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Is the Marvel Spotlight banner what Marvel Studios claimed it was for the MCU? Not based on what happened this week

The five-part Disney+ series wasn't as standalone, or even as grounded, as fans were lead to believe

Marvel Spotlight Echo
Image credit: Marvel Studios

When the five-part Echo series dropped on Disney+ and Hulu earlier this week, it wasn’t just a new Marvel Studios making its debut, but the Marvel Spotlight banner — a branding that, when announced, was explained by Marvel head of streaming Brad Winderbaum as “a platform to bring more grounded, character-driven stories to the screen, and […] focusing on street-level stakes over larger MCU continuity.” It’s a welcome shift from the studio that once proudly announced “It’s all connected” and asked audiences to keep up with everything, but… does Marvel Spotlight live up to its billing?

Based on the evidence of Echo, the answer is a resounding 'no.'

It’s not just that Echo is itself a spin-off from a pre-existing MCU project — she debuted in Hawkeye in 2021, and her story here is a direct result of events in that series; there’s even a flashback to the earlier show in the first episode — although that certainly acts against the idea that there’s less of a focus on “larger MCU continuity.” The villain of Echo is Wilson Fisk, AKA the Kingpin, which brought a new layer of reference to the show that pushed backwards and forwards: the series made reference to the Netflix Daredevil series (which may or may not be official MCU canon), and also ended with an explicit prologue to the upcoming Daredevil: Born Again series, as well as a plotline that might impact other MCU projects in the future.

(We’re not spoiling anything in this piece, but it’s worth pointing out that, should the MCU end up following Marvel’s comic book lead for this particular plot, it was something that ended up affecting a number of different series and characters, and resulting in a line-wide crossover event. Again, this sounds like the very opposite of something that is meant to focus on “street-level stakes over larger MCU continuity,” but that might just be us.)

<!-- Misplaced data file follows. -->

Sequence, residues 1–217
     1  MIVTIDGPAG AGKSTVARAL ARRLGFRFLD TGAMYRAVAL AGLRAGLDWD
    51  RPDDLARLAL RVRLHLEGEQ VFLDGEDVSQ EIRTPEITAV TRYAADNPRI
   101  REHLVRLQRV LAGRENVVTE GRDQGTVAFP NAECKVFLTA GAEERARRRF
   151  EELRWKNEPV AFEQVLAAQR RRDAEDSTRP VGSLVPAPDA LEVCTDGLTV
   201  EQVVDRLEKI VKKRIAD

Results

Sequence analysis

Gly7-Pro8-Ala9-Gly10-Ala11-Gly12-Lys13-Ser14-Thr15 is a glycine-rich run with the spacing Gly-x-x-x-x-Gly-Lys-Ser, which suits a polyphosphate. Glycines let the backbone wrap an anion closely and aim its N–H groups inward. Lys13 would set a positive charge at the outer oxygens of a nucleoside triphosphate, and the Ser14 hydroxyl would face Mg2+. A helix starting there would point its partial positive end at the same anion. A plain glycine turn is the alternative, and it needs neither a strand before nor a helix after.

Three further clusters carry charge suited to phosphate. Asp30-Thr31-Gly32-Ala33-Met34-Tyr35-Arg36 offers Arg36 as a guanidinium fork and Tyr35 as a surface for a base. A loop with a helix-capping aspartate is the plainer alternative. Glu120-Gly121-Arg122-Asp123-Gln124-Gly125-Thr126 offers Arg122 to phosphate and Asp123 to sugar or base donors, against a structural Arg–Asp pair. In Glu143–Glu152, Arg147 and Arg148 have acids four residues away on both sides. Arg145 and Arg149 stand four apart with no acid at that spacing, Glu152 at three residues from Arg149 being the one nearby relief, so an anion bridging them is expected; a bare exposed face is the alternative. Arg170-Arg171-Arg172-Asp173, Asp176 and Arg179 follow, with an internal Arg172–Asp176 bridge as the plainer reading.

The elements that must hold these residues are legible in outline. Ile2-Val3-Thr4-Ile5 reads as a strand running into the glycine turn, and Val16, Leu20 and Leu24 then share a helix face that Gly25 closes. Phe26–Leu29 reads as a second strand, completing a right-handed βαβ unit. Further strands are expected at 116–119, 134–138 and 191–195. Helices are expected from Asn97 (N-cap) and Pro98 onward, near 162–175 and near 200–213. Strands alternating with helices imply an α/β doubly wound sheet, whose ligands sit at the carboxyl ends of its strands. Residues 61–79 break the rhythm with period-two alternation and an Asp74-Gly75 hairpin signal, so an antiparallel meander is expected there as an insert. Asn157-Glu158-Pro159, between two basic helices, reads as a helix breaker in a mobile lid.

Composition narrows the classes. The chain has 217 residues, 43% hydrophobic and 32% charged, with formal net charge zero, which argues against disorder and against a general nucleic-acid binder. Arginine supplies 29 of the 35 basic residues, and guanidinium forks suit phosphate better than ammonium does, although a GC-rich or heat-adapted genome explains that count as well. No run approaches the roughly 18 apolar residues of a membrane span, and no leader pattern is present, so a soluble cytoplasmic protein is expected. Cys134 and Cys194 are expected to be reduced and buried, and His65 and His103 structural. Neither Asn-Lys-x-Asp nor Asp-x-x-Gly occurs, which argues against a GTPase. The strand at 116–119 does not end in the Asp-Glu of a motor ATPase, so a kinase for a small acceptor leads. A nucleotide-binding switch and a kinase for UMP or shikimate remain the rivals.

It’s not as if new characters can’t be introduced in standalone stories — look at how Iron Man, Thor, Captain America, the Guardians of the Galaxy, Doctor Strange, and countless other cinematic heroes were first brought into the MCU; even in terms of spin-offs from pre-existing concepts, Disney+ shows like She-Hulk: Attorney-at-Law and Ms. Marvel proved to be more stand-alone than Echo ended up being. The true problem, ultimately, is that in both its beginning and its ending, Echo was sewn tightly into the larger MCU, with Echo’s own story feeling diminished as a result.

As a debut project for Marvel Spotlight, it’s a swing and a miss — a project that, ironically, probably would have benefited from playing up its connections to other MCU characters and canon more aggressively, at least in terms of promotion. It also fails to build confidence in the Spotlight brand, if this is what Marvel believes is the best foot forward in terms of standalone stories, or even grounded stories — after all, Echo gets a pretty significant power boost in the series that makes her a far more fantastic character than her comic book inspiration. Again, we’ve seen more grounded material elsewhere from Marvel before this.

As an idea, Marvel Spotlight is a good one. It’s arguably a necessary one, if Marvel wants to continue to grow and weather the storms of changing tastes and broadening demands from the audience. After Echo, the question really is… can Marvel be trusted to do Marvel Spotlight right?


That ending to Echo — and what it means to the MCU moving forward — gets explained right here.

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Echo

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Graeme McMillan avatar

Graeme McMillan

Staff Writer

Popverse staff writer Graeme McMillan (he/him) has been writing about comics, culture, and comics culture on the internet for close to two decades at this point, which is terrifying to admit. He completely understands if you have problems understanding his accent.

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